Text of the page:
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Where are you going?

Like other cultures, Vietnamese also has many similarities to other cultures, especially Vietnamese history was very much related to France and America in the West. However, there are plenty of uniqueness cultures and reactions that probably just happen here in Vietnam. I would like to explain couple of them.

When Vietnamese people meet, we don’t say ‘how are you?’, if someone does, It is likely happened to two cases: 1, the first meeting! 2, that person you greeted to look sick or just back from sickness recovery. And in general, ‘Hello, how are you, or Hi’ is very formal way and rarely used by Vietnamese. So, you wonder how Vietnamese people greet to each other? Of course, we do. When we meet, the most common saying is ‘where are you going?’, and the most common answer is ‘I am going out there for a while’. Weird isn’t it? but it exactly stands for Hello, how are you or something like that. For older time (still used but just likely popular in countryside), people greeting like ‘Have you had rice yet?’ or my uncle greeted me anytime I am back to my hometown as ‘Tuan, is that you?’ This is very common in country and spoken from older to younger people. When someone in rush, maybe they just smile to each other, It also stands as a greeting.

When Vietnamese express their feelings like sadness or happiness to someone, they use actions more than words. For example, if you go to a funeral, people often hold hands or touching to the relatives of death person or with eye contact. If they said something, that would be the questions like ‘what’s happened to him or her?, when she/he died or just try your best…’ in stead of sorry sayings or alike. The similar to wedding, people may share happiness to pride or groom as making jokes of them (is that similar to the West?).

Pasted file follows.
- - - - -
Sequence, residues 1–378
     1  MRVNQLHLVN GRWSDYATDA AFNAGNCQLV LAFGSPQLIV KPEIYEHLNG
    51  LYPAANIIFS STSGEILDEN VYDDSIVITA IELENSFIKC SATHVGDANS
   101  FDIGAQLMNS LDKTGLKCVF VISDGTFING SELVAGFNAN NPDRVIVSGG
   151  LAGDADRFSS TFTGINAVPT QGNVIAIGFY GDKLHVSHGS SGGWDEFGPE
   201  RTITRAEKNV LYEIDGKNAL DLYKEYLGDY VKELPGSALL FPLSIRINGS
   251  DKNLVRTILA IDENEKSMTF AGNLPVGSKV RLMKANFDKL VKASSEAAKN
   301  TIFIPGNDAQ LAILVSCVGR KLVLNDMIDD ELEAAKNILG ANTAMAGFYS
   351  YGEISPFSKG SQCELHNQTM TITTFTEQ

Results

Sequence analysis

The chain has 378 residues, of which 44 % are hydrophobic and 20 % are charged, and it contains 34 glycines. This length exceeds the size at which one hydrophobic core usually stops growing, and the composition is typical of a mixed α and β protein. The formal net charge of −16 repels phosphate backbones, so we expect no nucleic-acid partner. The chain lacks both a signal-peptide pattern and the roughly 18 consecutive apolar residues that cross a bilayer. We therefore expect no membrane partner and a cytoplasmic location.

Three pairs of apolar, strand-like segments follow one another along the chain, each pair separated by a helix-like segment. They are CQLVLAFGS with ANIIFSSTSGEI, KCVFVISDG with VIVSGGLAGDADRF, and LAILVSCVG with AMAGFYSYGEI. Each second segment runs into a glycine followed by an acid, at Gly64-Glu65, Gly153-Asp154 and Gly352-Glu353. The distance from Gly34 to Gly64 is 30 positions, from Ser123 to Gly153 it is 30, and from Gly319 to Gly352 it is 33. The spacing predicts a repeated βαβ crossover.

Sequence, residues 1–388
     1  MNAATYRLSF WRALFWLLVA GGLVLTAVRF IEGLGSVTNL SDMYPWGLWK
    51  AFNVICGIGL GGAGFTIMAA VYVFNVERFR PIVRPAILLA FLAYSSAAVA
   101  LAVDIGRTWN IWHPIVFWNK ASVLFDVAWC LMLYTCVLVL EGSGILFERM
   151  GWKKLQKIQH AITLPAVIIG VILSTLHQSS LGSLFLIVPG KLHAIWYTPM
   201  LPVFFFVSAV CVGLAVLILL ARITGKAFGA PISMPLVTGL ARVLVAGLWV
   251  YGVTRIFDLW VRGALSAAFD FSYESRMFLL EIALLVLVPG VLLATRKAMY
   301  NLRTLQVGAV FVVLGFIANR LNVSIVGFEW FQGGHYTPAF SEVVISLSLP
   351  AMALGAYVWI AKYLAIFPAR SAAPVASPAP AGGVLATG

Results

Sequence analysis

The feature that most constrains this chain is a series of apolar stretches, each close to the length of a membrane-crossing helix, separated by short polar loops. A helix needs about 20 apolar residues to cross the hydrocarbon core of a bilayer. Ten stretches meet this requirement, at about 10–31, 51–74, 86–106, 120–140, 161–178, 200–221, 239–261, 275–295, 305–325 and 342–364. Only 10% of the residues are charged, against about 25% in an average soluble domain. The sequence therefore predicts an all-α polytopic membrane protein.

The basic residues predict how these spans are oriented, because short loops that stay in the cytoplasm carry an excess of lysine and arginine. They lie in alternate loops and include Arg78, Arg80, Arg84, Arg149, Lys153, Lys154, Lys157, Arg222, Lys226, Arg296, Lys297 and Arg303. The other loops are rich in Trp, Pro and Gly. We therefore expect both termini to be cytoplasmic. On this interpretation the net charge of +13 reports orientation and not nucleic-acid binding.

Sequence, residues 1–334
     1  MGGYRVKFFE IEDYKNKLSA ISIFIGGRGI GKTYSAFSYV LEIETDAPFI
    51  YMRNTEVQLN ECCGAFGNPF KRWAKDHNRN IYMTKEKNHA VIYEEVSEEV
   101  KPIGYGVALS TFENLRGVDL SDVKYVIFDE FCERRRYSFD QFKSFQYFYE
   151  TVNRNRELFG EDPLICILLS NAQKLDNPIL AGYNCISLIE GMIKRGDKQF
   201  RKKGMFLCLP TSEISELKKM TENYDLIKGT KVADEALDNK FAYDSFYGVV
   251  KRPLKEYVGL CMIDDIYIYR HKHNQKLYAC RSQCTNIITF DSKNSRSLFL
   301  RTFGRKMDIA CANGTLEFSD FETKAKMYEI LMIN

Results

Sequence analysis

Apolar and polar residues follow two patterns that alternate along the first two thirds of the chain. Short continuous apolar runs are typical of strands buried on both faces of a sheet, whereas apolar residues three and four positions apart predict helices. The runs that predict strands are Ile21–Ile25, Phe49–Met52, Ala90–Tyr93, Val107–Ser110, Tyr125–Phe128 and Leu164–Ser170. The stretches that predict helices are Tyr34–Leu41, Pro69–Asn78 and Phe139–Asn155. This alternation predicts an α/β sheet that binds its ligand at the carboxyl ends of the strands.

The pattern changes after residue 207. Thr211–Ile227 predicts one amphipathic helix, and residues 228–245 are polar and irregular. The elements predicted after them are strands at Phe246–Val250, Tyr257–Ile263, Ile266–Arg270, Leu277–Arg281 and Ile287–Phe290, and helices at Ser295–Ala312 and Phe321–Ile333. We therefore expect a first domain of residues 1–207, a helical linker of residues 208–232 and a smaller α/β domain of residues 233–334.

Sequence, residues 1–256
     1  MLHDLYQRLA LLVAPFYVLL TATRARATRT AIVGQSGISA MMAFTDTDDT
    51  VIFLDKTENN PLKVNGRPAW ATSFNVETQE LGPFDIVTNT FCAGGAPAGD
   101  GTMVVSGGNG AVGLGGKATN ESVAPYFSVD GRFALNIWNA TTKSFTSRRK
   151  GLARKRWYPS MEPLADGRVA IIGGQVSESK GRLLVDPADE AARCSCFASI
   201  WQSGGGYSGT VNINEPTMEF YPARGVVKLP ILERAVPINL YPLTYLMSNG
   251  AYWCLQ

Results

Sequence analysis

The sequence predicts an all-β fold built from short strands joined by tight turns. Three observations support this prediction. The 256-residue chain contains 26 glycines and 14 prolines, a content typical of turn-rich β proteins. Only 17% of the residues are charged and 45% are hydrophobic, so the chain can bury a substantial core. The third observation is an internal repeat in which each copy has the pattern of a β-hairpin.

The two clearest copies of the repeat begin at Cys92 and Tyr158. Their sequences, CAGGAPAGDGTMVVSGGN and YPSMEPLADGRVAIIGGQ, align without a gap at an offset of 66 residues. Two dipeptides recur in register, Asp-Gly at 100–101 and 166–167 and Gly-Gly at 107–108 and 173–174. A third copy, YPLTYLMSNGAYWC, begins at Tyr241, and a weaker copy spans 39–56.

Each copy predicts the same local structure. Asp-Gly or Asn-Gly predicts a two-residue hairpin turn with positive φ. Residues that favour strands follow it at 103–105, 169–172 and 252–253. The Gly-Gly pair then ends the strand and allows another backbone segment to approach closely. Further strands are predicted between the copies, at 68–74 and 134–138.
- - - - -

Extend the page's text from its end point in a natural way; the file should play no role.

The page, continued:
Travel to see real Vietnam, I always suggest or drive our travel products as close to locals as possible, as details on culture as possible. I trust by doing that, travelers will more enjoy Vietnam, see what Vietnam is really and I guest that is the main purposes of your trip to this developing country.

Hey, where are you going?

Watch your language!

I have many nice memories with customers from leading a large number of groups travelling in Vietnam, but some memories are quite embarrassing, mostly caused by misunderstandings with language.  You aren’t to know that some words you use daily in English that are ‘forbidden’ words or ones rarely used in Vietnamese.

I took a group from Australia to visit a local family for dinner (that is part of the V V T ‘Local Tours’ that experience local activity) that was beautiful group.  They bought flowers and presented them to the local family.  The owner also called all children back home to host my group.  After a few Hanoi beers we sat down for dinner with all members of  the family.  Before the meal I tried to explain a couple of rules on English to customers on the dining code in Vietnam.  Everything had gone fine until the owner came over (she was busy with her last cooked course) and ask in Vietnamese, “Do you like our food?”   I translated.   All the Australians replied, “Yum, yum!” and kept repeating “yum, yum” over and over.  I saw the owner’s face getting red, but she acted with a smile and shot back to the kitchen. The visitors did not know that ‘yum, yum’ sounds very close to ‘break wind’ in Vietnamese!  I followed the owner into the kitchen and explained to her the different meaning of those words to an Australian. Party ended up perfectly.

That was my most embarrassing memory though. So, be careful when you speak to Vietnamese. Some of the English words so far I know below may sound very funny to Vietnamese too:

–         Loan: Never ever speak this word to Vietnamese, especially to girls. You know what I mean

–         Alone: Speak it quickly and try not to repeat it often. That is also sounded like ‘a female’s stuff’

–         Among: sounds very much like ‘bum, butt or ass’ in Vietnamese (people are still very shy talking about it)

–         Still in thinking…

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